Pigeon racing season peaks in India | Asia | An in-depth look at current events from across the continent | DW


In the city of Chennai, in southern India, the pigeon racing season is at its height. For pigeon fanciers – or amateurs as they are called – this is a very important time of year. The wings of thousands of pigeons are regularly tested, the birds are watered and fed at regular intervals with nutritious meals, and many preparations are made for a race in the skies.

Chennai is home to almost half of India’s 7,000 fanciers, making it the “Mecca of pigeon racing”.

Between January and April, fanciers put their pigeons to participate in races of varying lengths ranging from 200 to 1400 kilometers (120 – 870 miles). The old maximum race length of 1,850 kilometers (1,140 miles) has been removed after animal rights groups expressed concern over the health of the birds.

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As the race for the final category is about to begin, all eyes are on the upcoming event. The winning pigeons will be sought out for breeding and the first pigeon to arrive at his home earns his keeper a prize and the respect of his fellow amateurs.

A close-knit community of pigeon-breeding enthusiasts has broken down many barriers over the past two decades as the sport, a passion for thousands of people in Southeast Asia, has gradually grown from a hobby to a phenomenon cultural.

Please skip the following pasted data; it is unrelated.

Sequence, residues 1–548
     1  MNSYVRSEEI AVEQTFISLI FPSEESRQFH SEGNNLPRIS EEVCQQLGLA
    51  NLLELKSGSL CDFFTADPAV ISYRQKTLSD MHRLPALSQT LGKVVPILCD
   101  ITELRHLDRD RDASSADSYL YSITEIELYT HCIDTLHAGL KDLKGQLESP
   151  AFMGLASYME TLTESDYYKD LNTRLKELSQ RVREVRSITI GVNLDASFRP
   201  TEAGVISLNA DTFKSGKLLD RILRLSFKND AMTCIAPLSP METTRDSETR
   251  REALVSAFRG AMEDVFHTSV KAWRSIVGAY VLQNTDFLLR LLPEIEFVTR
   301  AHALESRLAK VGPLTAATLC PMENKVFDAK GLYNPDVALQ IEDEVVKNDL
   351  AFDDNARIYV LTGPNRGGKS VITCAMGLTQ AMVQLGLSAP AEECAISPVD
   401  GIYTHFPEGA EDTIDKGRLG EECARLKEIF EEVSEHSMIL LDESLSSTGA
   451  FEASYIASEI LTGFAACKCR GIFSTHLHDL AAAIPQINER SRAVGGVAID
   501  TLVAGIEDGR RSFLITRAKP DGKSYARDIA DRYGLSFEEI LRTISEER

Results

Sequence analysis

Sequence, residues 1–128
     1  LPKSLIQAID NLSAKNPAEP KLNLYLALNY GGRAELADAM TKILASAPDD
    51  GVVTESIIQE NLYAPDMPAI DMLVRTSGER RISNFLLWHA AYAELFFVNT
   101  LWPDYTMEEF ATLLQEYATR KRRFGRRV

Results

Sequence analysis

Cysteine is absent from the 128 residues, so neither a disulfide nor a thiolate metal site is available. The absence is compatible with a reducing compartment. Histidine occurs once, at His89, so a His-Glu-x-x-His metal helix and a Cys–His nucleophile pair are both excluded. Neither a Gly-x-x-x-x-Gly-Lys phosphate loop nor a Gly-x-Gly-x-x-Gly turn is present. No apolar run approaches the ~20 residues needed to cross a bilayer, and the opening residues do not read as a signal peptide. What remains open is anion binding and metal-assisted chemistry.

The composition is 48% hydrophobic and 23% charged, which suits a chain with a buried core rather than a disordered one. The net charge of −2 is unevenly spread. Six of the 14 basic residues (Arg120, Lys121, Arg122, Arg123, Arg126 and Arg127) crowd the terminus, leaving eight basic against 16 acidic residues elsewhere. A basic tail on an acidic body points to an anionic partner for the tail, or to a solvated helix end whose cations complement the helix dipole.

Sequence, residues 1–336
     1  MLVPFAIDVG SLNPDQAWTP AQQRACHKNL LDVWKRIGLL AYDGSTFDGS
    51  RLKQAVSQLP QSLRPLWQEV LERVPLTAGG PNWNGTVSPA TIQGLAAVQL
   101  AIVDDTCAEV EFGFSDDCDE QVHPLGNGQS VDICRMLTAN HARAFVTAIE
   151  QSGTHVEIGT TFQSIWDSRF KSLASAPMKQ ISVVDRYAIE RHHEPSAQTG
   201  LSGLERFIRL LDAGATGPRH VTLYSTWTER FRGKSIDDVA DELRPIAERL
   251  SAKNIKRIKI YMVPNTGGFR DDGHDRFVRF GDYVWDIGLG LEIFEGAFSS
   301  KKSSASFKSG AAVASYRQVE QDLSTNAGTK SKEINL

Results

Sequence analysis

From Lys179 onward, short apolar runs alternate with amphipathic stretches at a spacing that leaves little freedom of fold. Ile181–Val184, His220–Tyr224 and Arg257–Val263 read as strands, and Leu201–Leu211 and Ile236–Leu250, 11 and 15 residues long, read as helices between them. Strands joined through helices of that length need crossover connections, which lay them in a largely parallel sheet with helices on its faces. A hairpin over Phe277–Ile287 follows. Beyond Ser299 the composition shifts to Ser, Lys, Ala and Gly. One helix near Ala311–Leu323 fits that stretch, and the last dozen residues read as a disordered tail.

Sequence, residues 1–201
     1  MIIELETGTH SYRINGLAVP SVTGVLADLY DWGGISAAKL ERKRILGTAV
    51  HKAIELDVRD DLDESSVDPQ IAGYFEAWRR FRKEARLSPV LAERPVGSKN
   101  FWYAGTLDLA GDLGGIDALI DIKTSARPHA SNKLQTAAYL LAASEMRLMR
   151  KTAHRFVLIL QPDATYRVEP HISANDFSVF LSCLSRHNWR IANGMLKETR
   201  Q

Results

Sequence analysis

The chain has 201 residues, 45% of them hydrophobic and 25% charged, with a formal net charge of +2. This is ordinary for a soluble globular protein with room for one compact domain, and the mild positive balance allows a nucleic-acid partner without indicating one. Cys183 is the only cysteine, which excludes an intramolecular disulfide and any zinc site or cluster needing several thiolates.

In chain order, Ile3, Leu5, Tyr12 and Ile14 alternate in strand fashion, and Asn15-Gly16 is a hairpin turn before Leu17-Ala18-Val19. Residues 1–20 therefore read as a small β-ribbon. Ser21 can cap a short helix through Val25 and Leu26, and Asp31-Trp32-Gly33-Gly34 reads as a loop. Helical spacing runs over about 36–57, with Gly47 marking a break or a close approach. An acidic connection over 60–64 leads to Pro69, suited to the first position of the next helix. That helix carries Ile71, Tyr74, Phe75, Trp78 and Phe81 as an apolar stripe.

Carrier pigeons prepare their pigeons with a combination of nutrition and training

Over two dozen clubs have sprung up in recent years, providing platforms for fans to exchange knowledge, updates and compete against each other.

Pigeon racing, also popular in parts of Europe, first appeared in the Indian cities of Kolkata and Bengaluru in the 1940s and 1970s. In Chennai, the sport gained popularity in the 1980s .

The Indian Racing Pigeon Association (IRPA) is the official race organization and is internationally recognized. Several other smaller clubs also run races on their own.

IRPA President Ivan Philips told DW that there has been a steady growth in interest in breeding pigeons for sporting purposes in India over the past decade. The number of pigeon fanciers is increasing by 10-20% every year, he said.

Philips says there are plans to hold races twice a year, split between younger and older birds.

“We have our own Olympic pigeon sport, which takes place every two years,” he said.

“The next one will be in Poland next year. We also have a two-day world congress for pigeon fanciers where we discuss and share the latest developments in the sport of other countries. We decide the future of the sport. pigeon sport in our countries for the next two years at the conference, ”said Philips.

A growing cultural phenomenon

Hobbyists have refined their methods over the years, including making birds’ diets more nutritious, applying superior breeding techniques, and using technology in training.

Once considered a working class pastime, pigeon racing has gradually managed to rise through the social hierarchy in India. People like doctors, lawyers, businessmen, engineers and legislators get involved.